104.   iv Anna Helen, born 27 September 1818 Champaign County, OH; died 9 
           October 1834.  
 105.    v Rhoda Jane, born 28 June 1819 Champaign County, OH; married Thomas 
           McPherson 21 February 1847 Miami County, OH.  
 106.   vi William Lossen, born 7 April 1821 Champaign County, OH; died 3 March 
           1882 Miami County, OH; married (1) Harriet Rudy 11 May 1848 Miami 
           County, (2) Barbara Rudy 9 October 1851 Miami County. Six children.  

                                Third Generation 

24. Jacob Pence (Jacob-2, Henry-1), born 10 October 1812 
Champaign County, OH; died 3 April 1898 Champaign County; married 
Sarah Dugan 20 September 1833 Clark County, OH. [Eleven children] 

             ***** Other members of the third generation here 

106. William Lossen Pence (Reuben-2, Henry-1), born 7 April 1821 
Champaign County, OH; died 3 March 1882 Miami County, OH; married 
(1) Harriet Rudy 11 May 1848 Miami County, (2) Barbara Rudy 9 
October 1851 Miami County. [Six children] 

Advantages/Disadvantages of the Register/Record Systems

The main advantages of these two are familiarity and acceptance. As one letter received by the NGS/CIG DIGEST pointed out: "Genealogy has been around, as we all know, far longer than computers. For computer users to try and tell genealogists how to present their work is a case of the tail wagging the dog. This is not to suggest computer methods should not be used, but rather that they must result in a product acceptable to genealogists. Unfortunately, none of the numerous suggestions I have so far seen accepts that conclusion." This writer went on to suggest that printed genealogies must be "in the Register form or risk denigration."

A major disadvantage - at least in the eyes of many - is the relative complexity of the system. A particular fault (more prominent in the Register System than the Record System) is that no "room" is left for newly discovered descendants. As one DIGEST reader put it, "The Register system is a strong deterrent to anyone who has additions or corrections to make to previously published work. Suppose that my great-grandfather wrote a family history and now I would like to extend some lines that he had lost touch with or simply ignored. Why can't I just write an addition to his work with a numbering system that simply hooks onto the 'dead ends' of his?"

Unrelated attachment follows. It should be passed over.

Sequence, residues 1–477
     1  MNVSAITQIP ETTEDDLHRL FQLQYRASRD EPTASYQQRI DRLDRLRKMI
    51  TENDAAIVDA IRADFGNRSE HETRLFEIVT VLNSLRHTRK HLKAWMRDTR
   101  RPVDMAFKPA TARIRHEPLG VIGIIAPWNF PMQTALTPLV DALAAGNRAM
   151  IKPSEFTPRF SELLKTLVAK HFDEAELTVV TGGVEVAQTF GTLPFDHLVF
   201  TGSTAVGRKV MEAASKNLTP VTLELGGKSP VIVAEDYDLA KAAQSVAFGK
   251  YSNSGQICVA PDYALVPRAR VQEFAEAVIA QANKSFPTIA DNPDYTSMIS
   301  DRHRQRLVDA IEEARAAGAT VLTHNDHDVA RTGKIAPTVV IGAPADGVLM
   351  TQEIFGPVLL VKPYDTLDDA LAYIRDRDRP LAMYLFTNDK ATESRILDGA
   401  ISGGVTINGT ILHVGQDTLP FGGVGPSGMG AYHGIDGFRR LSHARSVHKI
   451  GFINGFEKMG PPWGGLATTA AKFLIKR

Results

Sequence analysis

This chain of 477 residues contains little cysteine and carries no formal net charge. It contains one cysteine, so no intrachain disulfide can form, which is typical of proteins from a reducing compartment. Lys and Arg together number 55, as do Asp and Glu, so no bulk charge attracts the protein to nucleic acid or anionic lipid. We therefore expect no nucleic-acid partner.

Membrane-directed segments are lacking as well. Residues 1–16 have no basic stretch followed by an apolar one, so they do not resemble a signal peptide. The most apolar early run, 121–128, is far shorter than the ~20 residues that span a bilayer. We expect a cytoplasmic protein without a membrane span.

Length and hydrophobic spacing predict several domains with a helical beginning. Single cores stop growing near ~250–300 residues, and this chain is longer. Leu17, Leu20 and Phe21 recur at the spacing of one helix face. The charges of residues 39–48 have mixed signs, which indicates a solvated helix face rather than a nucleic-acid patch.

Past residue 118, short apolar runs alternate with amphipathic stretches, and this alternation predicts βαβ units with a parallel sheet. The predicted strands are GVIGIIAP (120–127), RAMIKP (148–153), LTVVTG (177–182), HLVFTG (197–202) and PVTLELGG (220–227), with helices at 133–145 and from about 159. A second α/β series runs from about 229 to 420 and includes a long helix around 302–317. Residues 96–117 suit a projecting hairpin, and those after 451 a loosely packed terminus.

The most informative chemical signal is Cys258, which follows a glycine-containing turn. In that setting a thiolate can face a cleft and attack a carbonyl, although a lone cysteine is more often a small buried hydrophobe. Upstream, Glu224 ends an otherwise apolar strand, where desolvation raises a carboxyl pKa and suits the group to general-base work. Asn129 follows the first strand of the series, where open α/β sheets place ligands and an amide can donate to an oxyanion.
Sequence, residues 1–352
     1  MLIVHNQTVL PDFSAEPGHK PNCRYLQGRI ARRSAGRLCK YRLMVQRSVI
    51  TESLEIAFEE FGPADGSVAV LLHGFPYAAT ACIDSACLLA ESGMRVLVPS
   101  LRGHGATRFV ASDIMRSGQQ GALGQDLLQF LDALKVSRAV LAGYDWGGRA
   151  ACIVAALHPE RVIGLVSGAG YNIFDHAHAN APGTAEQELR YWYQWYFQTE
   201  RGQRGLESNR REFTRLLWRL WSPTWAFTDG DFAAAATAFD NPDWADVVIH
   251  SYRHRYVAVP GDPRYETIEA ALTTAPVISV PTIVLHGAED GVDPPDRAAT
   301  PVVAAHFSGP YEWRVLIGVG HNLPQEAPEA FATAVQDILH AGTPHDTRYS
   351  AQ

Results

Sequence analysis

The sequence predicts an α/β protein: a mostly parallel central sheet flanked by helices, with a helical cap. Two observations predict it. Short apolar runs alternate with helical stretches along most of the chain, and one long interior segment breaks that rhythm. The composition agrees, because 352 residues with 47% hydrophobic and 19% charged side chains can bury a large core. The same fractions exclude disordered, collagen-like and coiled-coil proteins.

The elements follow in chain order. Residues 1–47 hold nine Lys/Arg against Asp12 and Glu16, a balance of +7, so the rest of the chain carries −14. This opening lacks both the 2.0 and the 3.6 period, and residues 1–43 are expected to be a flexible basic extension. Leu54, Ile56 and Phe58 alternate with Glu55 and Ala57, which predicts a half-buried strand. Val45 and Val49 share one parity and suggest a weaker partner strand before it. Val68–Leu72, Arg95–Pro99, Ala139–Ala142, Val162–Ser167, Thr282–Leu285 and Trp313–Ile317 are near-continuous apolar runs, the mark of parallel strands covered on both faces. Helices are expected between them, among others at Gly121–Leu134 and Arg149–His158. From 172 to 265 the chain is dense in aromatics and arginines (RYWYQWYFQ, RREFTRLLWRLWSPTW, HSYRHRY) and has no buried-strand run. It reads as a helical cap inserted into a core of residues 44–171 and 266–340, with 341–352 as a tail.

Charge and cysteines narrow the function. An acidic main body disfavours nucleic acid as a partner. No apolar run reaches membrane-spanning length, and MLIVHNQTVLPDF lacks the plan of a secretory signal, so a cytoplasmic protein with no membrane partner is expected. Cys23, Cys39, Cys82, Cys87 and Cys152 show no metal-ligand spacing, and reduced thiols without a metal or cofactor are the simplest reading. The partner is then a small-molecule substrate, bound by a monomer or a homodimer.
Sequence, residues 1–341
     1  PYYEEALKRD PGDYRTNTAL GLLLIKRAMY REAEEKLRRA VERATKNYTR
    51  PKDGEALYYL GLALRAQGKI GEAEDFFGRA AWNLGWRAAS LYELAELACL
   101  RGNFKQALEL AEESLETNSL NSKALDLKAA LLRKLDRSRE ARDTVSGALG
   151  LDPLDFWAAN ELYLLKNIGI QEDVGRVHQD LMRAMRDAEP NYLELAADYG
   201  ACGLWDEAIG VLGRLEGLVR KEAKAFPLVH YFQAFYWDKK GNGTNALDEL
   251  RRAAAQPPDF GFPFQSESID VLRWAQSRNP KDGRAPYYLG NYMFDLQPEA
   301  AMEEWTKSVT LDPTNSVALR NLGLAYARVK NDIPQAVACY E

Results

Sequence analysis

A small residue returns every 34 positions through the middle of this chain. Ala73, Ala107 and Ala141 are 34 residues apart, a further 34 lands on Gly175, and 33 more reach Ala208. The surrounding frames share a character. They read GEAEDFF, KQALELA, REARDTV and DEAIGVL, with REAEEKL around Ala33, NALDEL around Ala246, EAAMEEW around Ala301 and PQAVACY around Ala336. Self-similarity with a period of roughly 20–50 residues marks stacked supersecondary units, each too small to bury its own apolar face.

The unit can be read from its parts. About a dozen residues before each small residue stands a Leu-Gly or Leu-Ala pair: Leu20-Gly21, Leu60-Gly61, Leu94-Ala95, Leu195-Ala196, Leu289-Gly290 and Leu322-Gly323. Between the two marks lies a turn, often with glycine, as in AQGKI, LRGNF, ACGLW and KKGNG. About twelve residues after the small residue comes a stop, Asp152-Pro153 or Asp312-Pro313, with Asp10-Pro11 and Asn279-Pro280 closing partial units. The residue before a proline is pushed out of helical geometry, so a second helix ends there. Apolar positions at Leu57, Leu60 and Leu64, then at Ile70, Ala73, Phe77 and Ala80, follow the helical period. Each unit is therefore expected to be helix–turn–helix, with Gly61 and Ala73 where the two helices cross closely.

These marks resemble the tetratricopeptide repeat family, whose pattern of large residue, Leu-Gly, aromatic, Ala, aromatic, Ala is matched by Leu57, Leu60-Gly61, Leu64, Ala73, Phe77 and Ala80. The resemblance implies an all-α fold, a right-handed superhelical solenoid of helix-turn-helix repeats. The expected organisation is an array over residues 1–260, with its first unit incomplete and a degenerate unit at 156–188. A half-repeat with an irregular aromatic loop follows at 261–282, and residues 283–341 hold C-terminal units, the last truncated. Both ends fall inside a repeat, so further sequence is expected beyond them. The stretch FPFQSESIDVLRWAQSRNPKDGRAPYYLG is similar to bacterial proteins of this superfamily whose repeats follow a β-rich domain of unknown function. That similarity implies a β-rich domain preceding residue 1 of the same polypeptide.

As for using these systems for computer record-keeping, George Ely Russell, former editor of the NGS Quarterly, points out: "This type of numbering system 'works' only with final published genealogies. For obvious reasons it can not be applied to works-in-progress, data management projects in which children are being added to the database as research progresses. You should distinguish between genealogies being prepared for publication (in which a word-processing program works best, as you note in your article), and genealogies being compiled (i.e., the data-collection phase). Most of the genealogy software programs now on the market provide for automatic assignment of a unique code number to each individual and for linking parents to children and husbands to wives. A 'logical system' for assigning these code numbers seems unnecessary. The computer doesn't care what the number is, as long as it is unique to one individual. And the so-called 'Register system' of numbering should not be applied, was never intended for data management."

A word of caution and advice: If you are going to publish computer-stored material in the Register or Record format, DON'T begin to add the numbers until you are absolutely ready to go to press. One simple addition early on can throw all your previous numbers out the window, cause considerable confusion and open the way to errors. Another suggestion might be to print out your records in the order you will be adding the record numbers and pencil in the numbers. Experience has taught me that adding them on a computer monitor requires constant backtracking to recheck which number you are on.

This page is, created by Mike St. Clair from material written and © Copyright by Richard Pence - Posted Here with Permission. The information is from file: numbers3.txt - Dated: 23 January 1994. You may direct comments on the pages contents to: Send comments on the format of this document to: